“Is this a rotating type event? You mentioned that it’s been in Tunica and Georgia,” Wise said. “Sounds like it moves around from year to year. Is that correct?”

“We approached them several years ago,” Law said. “They came back to us about a month ago because they know we’ve got the facilities. The fairground has been updated, it’s really unbelievable.”

“I think Mr. Wise’s question goes to the fact that’s it’s part of our mission to help new events get started,” Hicks said.

“I feel like if we get it and we can pull it off we’ll get it every year after that,” Law said.

“Do you have a projected budget, and if so where is the other money coming from? What is it going to cost…is the prize money coming out of your budget?” asked Harvey Myrick.

“The people that participate in this don’t pay,” Law said. “It’s an invitational. The money that we spend we have to take care of. We have to provide restroom facilities and electricity. At Roast and Boast we spent thousands of dollars on electricity. The prize money, we have to raise that also. It’s up to us.”

“Is it strictly a contest?” asked Rissa Lawrence.

“We will have 25 local teams at a parallel contest,” Law said. “We’ll have entertainment and vendors. We have one local team that will be in the invitational, and then the others will be in the parallel contest.”

Law asked for $15,000.

“I think your rules say up to $15,000, and I’ll take the up to,” Law said. “We need the up to. We’ve already approached a number of people in town to help us out.”

Carpenter said she asked Law to come in November with a detailed presentation.

The board took no action.

Byrd’s questions

Although Byrd was not present Monday night, she submitted some questions for Carpenter. Carpenter addressed them during her report at the end of the meeting.

“I received an e-mail at 2:30 this afternoon from [Byrd],” Carpenter said. “She had some questions. She asked that Bernard Buckhalter bring these to your attention. [Buckhalter] and I spoke and I’m going to bring them to your attention.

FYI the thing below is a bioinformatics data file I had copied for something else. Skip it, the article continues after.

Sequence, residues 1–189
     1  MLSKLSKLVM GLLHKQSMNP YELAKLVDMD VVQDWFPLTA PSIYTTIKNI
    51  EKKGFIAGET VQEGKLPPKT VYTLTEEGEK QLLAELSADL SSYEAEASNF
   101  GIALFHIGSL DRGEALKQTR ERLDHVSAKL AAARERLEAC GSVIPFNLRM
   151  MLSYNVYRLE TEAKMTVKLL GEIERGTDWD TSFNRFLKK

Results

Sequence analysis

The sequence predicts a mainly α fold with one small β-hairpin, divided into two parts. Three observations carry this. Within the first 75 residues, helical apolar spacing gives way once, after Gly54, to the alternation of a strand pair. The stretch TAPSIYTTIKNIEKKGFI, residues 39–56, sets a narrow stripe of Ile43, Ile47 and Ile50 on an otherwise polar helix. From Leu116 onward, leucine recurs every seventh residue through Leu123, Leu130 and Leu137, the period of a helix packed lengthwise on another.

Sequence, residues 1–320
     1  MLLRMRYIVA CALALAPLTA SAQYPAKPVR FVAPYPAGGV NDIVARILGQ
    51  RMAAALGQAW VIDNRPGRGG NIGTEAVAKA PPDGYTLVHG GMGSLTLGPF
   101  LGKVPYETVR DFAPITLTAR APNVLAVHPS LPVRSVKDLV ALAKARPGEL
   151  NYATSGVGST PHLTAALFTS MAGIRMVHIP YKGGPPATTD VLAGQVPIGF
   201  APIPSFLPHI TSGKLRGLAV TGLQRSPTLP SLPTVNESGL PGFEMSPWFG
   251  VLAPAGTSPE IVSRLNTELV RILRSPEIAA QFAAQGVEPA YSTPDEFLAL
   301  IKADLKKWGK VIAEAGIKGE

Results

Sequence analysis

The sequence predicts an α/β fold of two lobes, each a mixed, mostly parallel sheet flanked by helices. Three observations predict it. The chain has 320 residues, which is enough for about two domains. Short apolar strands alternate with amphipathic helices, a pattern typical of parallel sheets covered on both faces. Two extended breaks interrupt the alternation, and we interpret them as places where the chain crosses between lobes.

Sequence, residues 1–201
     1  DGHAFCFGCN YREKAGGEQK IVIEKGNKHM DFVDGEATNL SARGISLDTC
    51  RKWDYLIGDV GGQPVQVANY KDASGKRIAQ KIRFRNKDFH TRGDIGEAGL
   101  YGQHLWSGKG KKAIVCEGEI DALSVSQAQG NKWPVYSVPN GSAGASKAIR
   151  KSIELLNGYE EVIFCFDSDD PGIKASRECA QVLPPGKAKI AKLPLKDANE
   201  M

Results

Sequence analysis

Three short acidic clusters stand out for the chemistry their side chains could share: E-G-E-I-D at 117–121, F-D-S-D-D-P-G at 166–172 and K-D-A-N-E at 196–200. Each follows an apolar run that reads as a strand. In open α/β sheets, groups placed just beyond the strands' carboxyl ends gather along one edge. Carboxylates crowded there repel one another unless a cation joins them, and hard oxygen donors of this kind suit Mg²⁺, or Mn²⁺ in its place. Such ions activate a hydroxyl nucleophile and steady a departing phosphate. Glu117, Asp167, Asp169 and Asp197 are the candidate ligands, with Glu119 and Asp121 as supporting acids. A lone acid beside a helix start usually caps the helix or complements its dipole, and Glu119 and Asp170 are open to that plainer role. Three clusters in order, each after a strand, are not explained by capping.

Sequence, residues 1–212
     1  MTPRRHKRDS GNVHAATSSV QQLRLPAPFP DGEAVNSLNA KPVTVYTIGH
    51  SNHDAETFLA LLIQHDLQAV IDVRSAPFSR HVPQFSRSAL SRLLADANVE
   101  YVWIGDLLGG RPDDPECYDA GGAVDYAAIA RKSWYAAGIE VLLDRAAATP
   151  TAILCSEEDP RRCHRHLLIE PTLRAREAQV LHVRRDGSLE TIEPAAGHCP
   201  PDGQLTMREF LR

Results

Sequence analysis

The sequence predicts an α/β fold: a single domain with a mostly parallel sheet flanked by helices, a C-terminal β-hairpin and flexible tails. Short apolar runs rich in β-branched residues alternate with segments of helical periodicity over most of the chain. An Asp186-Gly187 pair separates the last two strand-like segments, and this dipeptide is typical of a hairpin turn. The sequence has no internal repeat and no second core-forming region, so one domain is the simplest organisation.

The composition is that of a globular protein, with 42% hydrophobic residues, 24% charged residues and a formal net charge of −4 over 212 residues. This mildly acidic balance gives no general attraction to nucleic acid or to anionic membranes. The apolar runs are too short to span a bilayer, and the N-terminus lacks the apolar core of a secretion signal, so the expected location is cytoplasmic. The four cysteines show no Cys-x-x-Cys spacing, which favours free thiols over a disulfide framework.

“Her first question was what was the problem with the CVB bus that caused it to break down during the fall home tour,” Carpenter said. “She said she was informed that visitors were stranded at Rosedale until a van was sent to pick them up. Visitors were never stranded. Alternate transportation was already arranged and was waiting on them. I don’t know where she was getting her information, but that is an incorrect statement.

“She also asked how cost effective the home tours are,” Carpenter said. “Home owners are paid $300 per time they are on tour. It’s cost effective when you have out of state visitors come in. This is a Columbus Cultural Heritage Foundation event. We had about 60 people on the bus tour Saturday morning. On that tour we had some people from the CAFB reunion of the class of 1970. They had not returned to Columbus in quite some time, and they went on two home tours, ate downtown and they all shopped downtown.

“The Dispatch gave us a rose for helping with two weddings. She asked about how the CVB got involved in two weddings, and where the weddings were held,” Carpenter said. “The double-decker bus was rented to take wedding guests to receptions. One was in West Point, the other was on Evans Road. There was a third wedding that hosted guests from outside the United States. When this happens, we are asked to make gift bags. She asked what the criteria is for the CVB to host weddings. I think host is a bad word, I’m just reading the questions. I’m happy to help anyone who wants to bring tourists to Columbus, whether they are brides or grooms or football players.

“Please explain the reason the CVB logo was on the ad for the Walk for Diabetes,” Carpenter said. “Did the CVB pay for the ad? The ad was billed to me and to Dan Bennett. We paid for the team from the CVB to walk. My parents both had diabetes.”

The board took no action on Carpenter comments, nor did they ask questions.

 

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1 comment

  1. JAKE

    I think ms Byrd has it right. Park the darn vehicle. Ms Carpenter just lives 3 blocks from the CVB. What’s her husband doing driving it anyway? You don’t need an attorney to tell you this. There are too many attorney in politics now. Could be what’s wrong with this country and county.